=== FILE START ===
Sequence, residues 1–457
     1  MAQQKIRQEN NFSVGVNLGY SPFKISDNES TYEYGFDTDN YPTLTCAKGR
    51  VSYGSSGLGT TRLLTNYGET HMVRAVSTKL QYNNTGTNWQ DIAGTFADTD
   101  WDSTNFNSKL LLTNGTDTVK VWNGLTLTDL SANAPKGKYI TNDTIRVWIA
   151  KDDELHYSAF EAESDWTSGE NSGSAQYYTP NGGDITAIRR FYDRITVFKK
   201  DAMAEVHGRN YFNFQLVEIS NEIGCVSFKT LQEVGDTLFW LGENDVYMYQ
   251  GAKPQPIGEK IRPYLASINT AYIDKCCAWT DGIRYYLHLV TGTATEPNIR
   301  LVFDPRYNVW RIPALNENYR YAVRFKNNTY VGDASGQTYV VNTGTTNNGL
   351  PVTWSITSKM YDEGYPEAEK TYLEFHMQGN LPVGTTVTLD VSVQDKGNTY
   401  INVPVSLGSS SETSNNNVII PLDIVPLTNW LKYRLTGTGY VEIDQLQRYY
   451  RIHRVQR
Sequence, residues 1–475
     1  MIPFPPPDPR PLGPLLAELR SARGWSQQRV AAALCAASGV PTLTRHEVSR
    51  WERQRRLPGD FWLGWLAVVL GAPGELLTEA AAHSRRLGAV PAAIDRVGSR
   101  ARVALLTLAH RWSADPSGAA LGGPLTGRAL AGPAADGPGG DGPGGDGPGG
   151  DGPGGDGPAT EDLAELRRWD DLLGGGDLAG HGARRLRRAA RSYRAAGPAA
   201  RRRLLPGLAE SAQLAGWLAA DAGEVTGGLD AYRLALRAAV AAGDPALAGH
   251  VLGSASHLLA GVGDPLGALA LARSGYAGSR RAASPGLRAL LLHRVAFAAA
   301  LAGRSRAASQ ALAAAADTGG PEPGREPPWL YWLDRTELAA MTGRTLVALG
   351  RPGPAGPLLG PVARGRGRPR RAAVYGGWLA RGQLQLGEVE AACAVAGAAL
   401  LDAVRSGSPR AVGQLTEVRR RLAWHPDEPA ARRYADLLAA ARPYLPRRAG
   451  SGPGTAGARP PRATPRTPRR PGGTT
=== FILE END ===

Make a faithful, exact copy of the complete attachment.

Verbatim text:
Sequence, residues 1–457
     1  MAQQKIRQEN NFSVGVNLGY SPFKISDNES TYEYGFDTDN YPTLTCAKGR
    51  VSYGSSGLGT TRLLTNYGET HMVRAVSTKL QYNNTGTNWQ DIAGTFADTD
   101  WDSTNFNSKL LLTNGTDTVK VWNGLTLTDL SANAPKGKYI TNDTIRVWIA
   151  KDDELHYSAF EAESDWTSGE NSGSAQYYTP NGGDITAIRR FYDRITVFKK
   201  DAMAEVHGRN YFNFQLVEIS NEIGCVSFKT LQEVGDTLFW LGENDVYMYQ
   251  GAKPQPIGEK IRPYLASINT AYIDKCCAWT DGIRYYLHLV TGTATEPNIR
   301  LVFDPRYNVW RIPALNENYR YAVRFKNNTY VGDASGQTYV VNTGTTNNGL
   351  PVTWSITSKM YDEGYPEAEK TYLEFHMQGN LPVGTTVTLD VSVQDKGNTY
   401  INVPVSLGSS SETSNNNVII PLDIVPLTNW LKYRLTGTGY VEIDQLQRYY
   451  RIHRVQR
Sequence, residues 1–475
     1  MIPFPPPDPR PLGPLLAELR SARGWSQQRV AAALCAASGV PTLTRHEVSR
    51  WERQRRLPGD FWLGWLAVVL GAPGELLTEA AAHSRRLGAV PAAIDRVGSR
   101  ARVALLTLAH RWSADPSGAA LGGPLTGRAL AGPAADGPGG DGPGGDGPGG
   151  DGPGGDGPAT EDLAELRRWD DLLGGGDLAG HGARRLRRAA RSYRAAGPAA
   201  RRRLLPGLAE SAQLAGWLAA DAGEVTGGLD AYRLALRAAV AAGDPALAGH
   251  VLGSASHLLA GVGDPLGALA LARSGYAGSR RAASPGLRAL LLHRVAFAAA
   301  LAGRSRAASQ ALAAAADTGG PEPGREPPWL YWLDRTELAA MTGRTLVALG
   351  RPGPAGPLLG PVARGRGRPR RAAVYGGWLA RGQLQLGEVE AACAVAGAAL
   401  LDAVRSGSPR AVGQLTEVRR RLAWHPDEPA ARRYADLLAA ARPYLPRRAG
   451  SGPGTAGARP PRATPRTPRR PGGTT